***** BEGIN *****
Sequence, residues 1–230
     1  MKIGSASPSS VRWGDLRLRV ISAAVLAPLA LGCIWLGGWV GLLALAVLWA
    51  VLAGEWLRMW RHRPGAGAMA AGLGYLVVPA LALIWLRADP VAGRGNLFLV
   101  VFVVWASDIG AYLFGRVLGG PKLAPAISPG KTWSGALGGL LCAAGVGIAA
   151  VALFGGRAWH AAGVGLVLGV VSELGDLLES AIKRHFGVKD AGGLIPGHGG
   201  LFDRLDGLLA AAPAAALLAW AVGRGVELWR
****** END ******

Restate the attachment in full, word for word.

Sequence, residues 1–230
     1  MKIGSASPSS VRWGDLRLRV ISAAVLAPLA LGCIWLGGWV GLLALAVLWA
    51  VLAGEWLRMW RHRPGAGAMA AGLGYLVVPA LALIWLRADP VAGRGNLFLV
   101  VFVVWASDIG AYLFGRVLGG PKLAPAISPG KTWSGALGGL LCAAGVGIAA
   151  VALFGGRAWH AAGVGLVLGV VSELGDLLES AIKRHFGVKD AGGLIPGHGG
   201  LFDRLDGLLA AAPAAALLAW AVGRGVELWR